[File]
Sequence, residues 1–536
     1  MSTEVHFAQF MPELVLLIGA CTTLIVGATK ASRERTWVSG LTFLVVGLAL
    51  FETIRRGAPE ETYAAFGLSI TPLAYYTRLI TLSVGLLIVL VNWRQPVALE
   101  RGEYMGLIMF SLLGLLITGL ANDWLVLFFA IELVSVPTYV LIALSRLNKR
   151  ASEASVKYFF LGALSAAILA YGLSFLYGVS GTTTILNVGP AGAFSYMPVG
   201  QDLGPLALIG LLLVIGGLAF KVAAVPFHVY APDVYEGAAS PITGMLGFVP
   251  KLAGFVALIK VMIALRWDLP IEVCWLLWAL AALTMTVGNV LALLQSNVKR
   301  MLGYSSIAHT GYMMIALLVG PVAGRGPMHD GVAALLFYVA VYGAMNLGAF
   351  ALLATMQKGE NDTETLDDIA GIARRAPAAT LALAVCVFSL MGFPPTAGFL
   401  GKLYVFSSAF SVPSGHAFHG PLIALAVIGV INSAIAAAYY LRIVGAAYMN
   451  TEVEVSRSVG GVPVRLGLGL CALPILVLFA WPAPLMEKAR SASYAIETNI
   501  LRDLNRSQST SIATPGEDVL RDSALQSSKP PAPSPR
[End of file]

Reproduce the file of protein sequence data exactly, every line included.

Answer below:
Sequence, residues 1–536
     1  MSTEVHFAQF MPELVLLIGA CTTLIVGATK ASRERTWVSG LTFLVVGLAL
    51  FETIRRGAPE ETYAAFGLSI TPLAYYTRLI TLSVGLLIVL VNWRQPVALE
   101  RGEYMGLIMF SLLGLLITGL ANDWLVLFFA IELVSVPTYV LIALSRLNKR
   151  ASEASVKYFF LGALSAAILA YGLSFLYGVS GTTTILNVGP AGAFSYMPVG
   201  QDLGPLALIG LLLVIGGLAF KVAAVPFHVY APDVYEGAAS PITGMLGFVP
   251  KLAGFVALIK VMIALRWDLP IEVCWLLWAL AALTMTVGNV LALLQSNVKR
   301  MLGYSSIAHT GYMMIALLVG PVAGRGPMHD GVAALLFYVA VYGAMNLGAF
   351  ALLATMQKGE NDTETLDDIA GIARRAPAAT LALAVCVFSL MGFPPTAGFL
   401  GKLYVFSSAF SVPSGHAFHG PLIALAVIGV INSAIAAAYY LRIVGAAYMN
   451  TEVEVSRSVG GVPVRLGLGL CALPILVLFA WPAPLMEKAR SASYAIETNI
   501  LRDLNRSQST SIATPGEDVL RDSALQSSKP PAPSPR